Its fine you didn't pick me – I'll deal with that myself – but to so underhandedly cast the show? That's just not right. The issue here, really, isn't whether or not I got cast – but whether or not the playing field was level up front. It wasn't – plain and simple.

I'd not be upset, at all, if Mr. Bauser had said, from the get go, that he had the lead already cast. Tell that to everyone, up front - let them know that the part is not available. I've auditioned for shows like that before, knowing full well a lead, or many leads, were not available. And just like in this case, I was fine with not getting the lead - I am completely not fine with not casting people who ACTUALLY SHOWED UP!

Why, Mr. Bauser, would you not respect the time and talents of those who actually showed up at auditions – even after you cancelled the initial date, last minute, causing them to rearrange their schedules? They had enough respect for you and your time to show up on Sunday – in force, and yet you have completely, well, given the finger to them for doing so.

Why, Mr. Bauser, would you not cast one of the 15+ women you called back from a pool of 30+ women? Maybe your concept of "callbacks" is different from every other theatre I've ever worked with – but usually it's to narrow down the field or to check chemistry. What was a well-organized audition process quickly became nothing but a charade before you privately cast the lead.

Why, Mr. Bauser, would you tarnish not only your own reputation but that of Springfield Theatre Centre and that of Springfield community theatre in general, by doing something so completely lacking in integrity? It would have shown a heck of a lot more integrity to have moved the auditions to ALL be on Tuesday if that was the only day that you thought the girl you cast was available. Put everyone on a fair playing field – all on stage at the same time – and have a bit of accountability while you're at it. Maybe it's your own insecurity in your decision that led you to do something so completely unprofessional. Community theatre or not, you're a leader, people tend to expect more from leaders.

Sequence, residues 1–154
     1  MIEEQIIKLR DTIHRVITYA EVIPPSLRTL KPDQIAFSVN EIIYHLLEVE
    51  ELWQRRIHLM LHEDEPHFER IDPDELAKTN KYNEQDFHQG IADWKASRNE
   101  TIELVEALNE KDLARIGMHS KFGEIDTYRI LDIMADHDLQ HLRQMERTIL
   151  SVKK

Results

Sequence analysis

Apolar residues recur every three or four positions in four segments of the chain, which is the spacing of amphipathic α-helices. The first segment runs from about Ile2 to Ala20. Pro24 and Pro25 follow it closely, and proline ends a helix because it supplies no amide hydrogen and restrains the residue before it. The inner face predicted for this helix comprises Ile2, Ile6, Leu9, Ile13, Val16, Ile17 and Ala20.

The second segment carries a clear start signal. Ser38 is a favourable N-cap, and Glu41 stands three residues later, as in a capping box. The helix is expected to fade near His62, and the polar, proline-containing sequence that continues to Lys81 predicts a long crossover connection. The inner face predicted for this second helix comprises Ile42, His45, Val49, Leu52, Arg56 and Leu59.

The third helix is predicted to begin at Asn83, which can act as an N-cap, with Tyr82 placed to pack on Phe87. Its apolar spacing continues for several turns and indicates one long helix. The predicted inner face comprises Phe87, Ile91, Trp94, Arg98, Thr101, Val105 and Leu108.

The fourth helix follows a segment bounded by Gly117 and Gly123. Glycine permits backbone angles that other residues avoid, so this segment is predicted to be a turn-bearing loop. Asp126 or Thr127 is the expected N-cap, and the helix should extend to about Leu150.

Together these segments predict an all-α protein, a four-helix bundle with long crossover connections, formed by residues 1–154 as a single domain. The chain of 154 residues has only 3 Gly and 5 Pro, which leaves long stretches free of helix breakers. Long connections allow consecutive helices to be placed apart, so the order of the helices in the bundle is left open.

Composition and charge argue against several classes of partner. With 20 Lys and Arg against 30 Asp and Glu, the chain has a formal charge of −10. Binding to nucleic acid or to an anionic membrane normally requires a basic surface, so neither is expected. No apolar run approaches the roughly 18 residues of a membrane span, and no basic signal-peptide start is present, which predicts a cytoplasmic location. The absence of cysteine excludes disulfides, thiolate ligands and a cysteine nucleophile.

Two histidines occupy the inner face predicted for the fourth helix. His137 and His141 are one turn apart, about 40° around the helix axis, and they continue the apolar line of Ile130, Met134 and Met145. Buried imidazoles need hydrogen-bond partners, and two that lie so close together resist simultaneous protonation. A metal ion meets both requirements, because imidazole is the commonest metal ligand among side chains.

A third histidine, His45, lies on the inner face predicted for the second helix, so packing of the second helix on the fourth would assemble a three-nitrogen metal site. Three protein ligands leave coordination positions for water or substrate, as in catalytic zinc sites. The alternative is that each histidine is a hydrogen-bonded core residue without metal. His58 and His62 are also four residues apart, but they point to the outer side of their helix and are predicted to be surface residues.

And where was Springfield Theatre Centre's leadership in all this? That's an even bigger question, to me.

Is this the impression that STC wants to make on new people to not only Springfield, but also to community theatre?

Is this how STC treats their volunteers? Because, like it or not, giving up 6 hours of a Sunday is volunteering to be a part of STC.

Is this the way that STC lets their "staff" work? Where are the checks and balances? Every community theatre group I've been a part of in the past has had rules and standards of what is and is not acceptible. This hardly seems acceptible in light of the fact that there was more than one woman at the auditions who could have done the part, and well.

I guess I've rambled on and on to say this – I enjoyed meeting so many great people at the auditions – and many talented, wonderful women – strong women who could have easily stood on that stage, being completely deserving of the applause that comes from that opening night… Instead, the person who was cast was done so in a manner that may be hurtful to her own reputation, not to mention that of the show, in general.

Maybe what you did, Mr. Bauser, wasn't wrong - but how you did it WAS. It was completely unfair, disrespectful and lacking in integrity - and, sadly, has completely soured my thoughts on Springfield community theatre.

And while life's not fair – much like John Lennon – "I expect more!"

I guess, Mr. Bauser, I expected too much from you.

P.S. I am fully aware that this blog entry may result in never doing theatre in Springfield, ever - and, while that'd be sad, because I feel I have a lot to offer - if that's the decision made by directors or staff, I'd respect that decision. If I have to make enemies -I'd rather have that come from being honest and up front about my feelings and thoughts. This way, at least people know EXACTLY what I think and what I said - it's out here, in black and white, for anyone to see - on a level playing field.
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3 comments:

MsHep said...

Hee hee...karma's a bitch, aint' it?

MzOuiser said...

Wow. I grew up doing theatre there during the 1980's. Sorry to hear that nothing has changed. Really, really sorry.

Anonymous said...

The children's session was much the same way.
So.....who did get the lead? No where can I find the cast list.